Talking Sleep Season 4
Mind After Midnight
Dr. Andrew Tubbs, GUEST
In this episode of Talking Sleep, we visit with Dr. Andrew Tubbs, a researcher in the Sleep and Health Research Program at the University of Arizona, to discuss the “Mind After Midnight” hypothesis. Dr. Tubbs’ recently published review summarizes the evidence for day-night alterations in maladaptive behaviors, including suicide, violent crime, and substance use, and examines how mood, reward processing, and executive function differ during nocturnal wakefulness. This episode discusses suicide and suicidal ideation and may be upsetting to some listeners. If you or someone you know is at risk for suicide, please call the Suicide and Crisis Lifeline at 988.
Andrew Tubbs has a doctorate in neuroscience from the University of Arizona, where he is currently a third-year medical student. His research interests focus on how sleep and circadian rhythms affect mental health and risk for suicide.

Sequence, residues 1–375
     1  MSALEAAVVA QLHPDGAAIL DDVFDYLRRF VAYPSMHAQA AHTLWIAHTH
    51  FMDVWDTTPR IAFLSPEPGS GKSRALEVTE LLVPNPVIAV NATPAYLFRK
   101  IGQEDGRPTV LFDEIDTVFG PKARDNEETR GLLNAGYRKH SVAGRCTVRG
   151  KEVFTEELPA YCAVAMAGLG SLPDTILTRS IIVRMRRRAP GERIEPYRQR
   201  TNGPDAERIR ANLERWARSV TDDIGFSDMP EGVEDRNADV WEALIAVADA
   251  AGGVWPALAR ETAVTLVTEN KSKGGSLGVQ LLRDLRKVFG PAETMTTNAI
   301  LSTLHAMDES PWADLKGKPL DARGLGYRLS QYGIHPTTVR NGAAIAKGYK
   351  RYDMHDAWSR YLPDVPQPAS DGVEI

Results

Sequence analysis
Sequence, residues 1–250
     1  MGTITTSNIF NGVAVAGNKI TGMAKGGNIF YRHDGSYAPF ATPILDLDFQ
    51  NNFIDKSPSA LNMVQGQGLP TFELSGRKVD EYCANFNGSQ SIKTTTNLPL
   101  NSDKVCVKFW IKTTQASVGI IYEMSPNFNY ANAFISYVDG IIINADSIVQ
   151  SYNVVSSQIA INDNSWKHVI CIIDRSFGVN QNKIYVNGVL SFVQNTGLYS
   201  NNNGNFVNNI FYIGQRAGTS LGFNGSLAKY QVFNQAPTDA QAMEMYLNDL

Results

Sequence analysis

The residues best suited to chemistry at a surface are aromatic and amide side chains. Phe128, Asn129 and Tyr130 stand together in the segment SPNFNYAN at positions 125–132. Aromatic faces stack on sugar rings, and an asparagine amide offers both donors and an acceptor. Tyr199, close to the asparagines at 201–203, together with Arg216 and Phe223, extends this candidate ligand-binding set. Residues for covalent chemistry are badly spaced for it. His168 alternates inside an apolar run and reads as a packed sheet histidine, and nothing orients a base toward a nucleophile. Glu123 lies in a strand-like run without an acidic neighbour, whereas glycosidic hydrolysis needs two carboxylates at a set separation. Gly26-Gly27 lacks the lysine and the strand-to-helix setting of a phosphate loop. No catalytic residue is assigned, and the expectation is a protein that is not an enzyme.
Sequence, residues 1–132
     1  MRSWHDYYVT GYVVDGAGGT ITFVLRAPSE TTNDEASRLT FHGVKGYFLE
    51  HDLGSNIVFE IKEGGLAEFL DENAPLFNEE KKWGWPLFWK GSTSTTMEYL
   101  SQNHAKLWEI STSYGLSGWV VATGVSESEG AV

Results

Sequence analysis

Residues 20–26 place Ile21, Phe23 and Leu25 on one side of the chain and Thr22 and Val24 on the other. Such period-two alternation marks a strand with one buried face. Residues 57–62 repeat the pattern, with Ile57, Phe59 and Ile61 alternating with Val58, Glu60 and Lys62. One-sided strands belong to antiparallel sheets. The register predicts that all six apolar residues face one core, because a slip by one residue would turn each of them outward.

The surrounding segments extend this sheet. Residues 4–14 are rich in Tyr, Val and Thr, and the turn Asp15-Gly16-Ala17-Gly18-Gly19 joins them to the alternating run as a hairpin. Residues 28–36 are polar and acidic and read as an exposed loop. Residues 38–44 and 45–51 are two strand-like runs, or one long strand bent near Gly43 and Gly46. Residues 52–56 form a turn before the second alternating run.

- The Mind After Midnight: Nocturnal Wakefulness, Behavioral Dysregulation, and Psychopathology
- Nocturnal Wakefulness as a Previously Unrecognized Risk Factor for Suicide
- Relationship of Nocturnal Wakefulness to Suicide Risk Across Months and Methods of Suicide
- Suicidal ideation is associated with nighttime wakefulness in a community sample
- Circadian rhythms and risk for substance use disorders in adolescence
- A neuro-metabolic account of why daylong cognitive work alters the control of economic decisions